OTTAWA — The imminent federal election campaign will see more money splashed around than ever before in Canada and the deep-pocketed Conservatives can claim a decided advantage — an edge that increases exponentially if Prime Minister Stephen Harper opts for a longer campaign than usual, new number-crunching shows.
While much as been made of the ruling party's fundraising prowess at the national level, the biggest impact of an extended campaign will be felt by candidates in local riding contests.
An in-depth analysis by The Canadian Press of financing at the grassroots level shows that Conservative candidates' riding-based war chests are flush with cash, dramatically outpacing their political rivals in efforts to raise and stash away money.
A review of the most recent financial statements filed by riding associations to Elections Canada this month show candidates for the NDP, Liberals, Greens, Bloc Quebecois and other smaller parties simply don't have the money to compete on a level playing field with Conservative contenders, whose local war chests are overflowing.
Those 2014 financial reports in each of the country's 338 constituencies shows that Conservative electoral district associations ended the year with net assets totalling more than $19 million — more than the riding associations of the Liberals, New Democrats, Greens and Bloc combined.
Liberal riding associations reported a total of about $8 million in net assets, NDP associations more than $4.4 million, the Greens at almost $1.2 million and the Bloc at about $410,000.
Under the 2007 fixed-date-election legislation introduced by Harper's government, Canadians will go to the polls on Oct. 19. While the legislation specifies that the campaign must be a minimum of 37 days, it does not specify a maximum length.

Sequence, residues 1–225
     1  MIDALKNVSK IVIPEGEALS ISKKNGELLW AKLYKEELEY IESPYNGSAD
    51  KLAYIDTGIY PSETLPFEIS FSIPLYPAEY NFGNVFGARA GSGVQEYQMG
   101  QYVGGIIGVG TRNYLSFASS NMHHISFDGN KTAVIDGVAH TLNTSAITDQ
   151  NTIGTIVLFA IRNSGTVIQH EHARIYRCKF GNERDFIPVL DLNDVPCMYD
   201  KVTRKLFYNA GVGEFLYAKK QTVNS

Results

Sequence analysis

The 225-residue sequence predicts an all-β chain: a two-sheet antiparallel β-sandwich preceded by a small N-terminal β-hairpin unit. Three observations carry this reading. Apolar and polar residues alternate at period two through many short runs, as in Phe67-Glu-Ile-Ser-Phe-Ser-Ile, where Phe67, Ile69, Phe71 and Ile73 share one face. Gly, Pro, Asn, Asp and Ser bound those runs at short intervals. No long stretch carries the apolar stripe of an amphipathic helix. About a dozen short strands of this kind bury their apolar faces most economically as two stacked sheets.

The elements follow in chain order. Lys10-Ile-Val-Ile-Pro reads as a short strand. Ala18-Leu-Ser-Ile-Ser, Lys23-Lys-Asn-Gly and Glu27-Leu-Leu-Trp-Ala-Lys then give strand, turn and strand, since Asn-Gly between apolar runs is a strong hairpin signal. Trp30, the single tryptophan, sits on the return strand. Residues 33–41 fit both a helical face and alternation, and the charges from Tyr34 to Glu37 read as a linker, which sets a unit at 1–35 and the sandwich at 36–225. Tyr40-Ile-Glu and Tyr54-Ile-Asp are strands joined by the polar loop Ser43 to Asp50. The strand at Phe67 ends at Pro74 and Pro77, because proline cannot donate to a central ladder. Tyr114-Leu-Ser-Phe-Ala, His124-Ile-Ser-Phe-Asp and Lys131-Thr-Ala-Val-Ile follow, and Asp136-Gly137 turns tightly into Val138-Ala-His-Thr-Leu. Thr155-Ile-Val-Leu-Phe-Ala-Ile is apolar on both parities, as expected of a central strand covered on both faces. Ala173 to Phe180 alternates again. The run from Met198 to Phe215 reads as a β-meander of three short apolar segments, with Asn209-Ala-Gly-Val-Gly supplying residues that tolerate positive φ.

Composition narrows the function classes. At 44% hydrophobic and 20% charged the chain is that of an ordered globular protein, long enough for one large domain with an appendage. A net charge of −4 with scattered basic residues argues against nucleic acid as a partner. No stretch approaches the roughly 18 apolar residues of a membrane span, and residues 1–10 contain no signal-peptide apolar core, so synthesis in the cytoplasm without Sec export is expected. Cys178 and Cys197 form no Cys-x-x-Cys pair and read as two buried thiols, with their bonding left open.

That's important because the new Fair Elections Act provides that for every day beyond the typical five-week campaign, spending limits for national parties and their candidates will increase by one-thirty-seventh, meaning extra days on the campaign trail would benefit parties with hefty bank accounts.
That means a party running a full slate of candidates is entitled to spend almost $25 million for a 37-day campaign, with every additional day worth an extra $675,000 to each party's national spending limit and an extra $2,700 for each candidate who is entitled to spend an average of about $100,000.
So, if Harper fires the official starting gun in mid-August, as widely speculated, that would boost each party's spending cap by a whopping $19.6 million and each candidate's limit by $78,300.
At the national level, the Liberals and NDP have upped their fundraising game considerably since the last election but they're still behind the Conservatives, raising $15 million and $9.5 million respectively compared to $20.1 million for the Tories, based on Elections Canada financial returns for last year. Still, for their national campaigns, the New Democrats and Liberals can borrow money if necessary to spend the maximum, or close to it.
Smaller parties, like the Greens, will have more trouble keeping up and banks are less likely to help them.
At the riding level, however, very few opposition party associations have built up war chests that would help their candidates spend the maximum for a 37-day campaign, much less for a longer one.
Conservative associations dominate the top 20 richest associations in the country, with Harper's association in Calgary Southwest on top with more than $444,000 in the bank. Only two oppositions MPs makes the top-20 list: Liberal MP Mauril Belanger in Ottawa-Vanier, and Green Party Leader Elizabeth May in Saanich-Gulf Islands.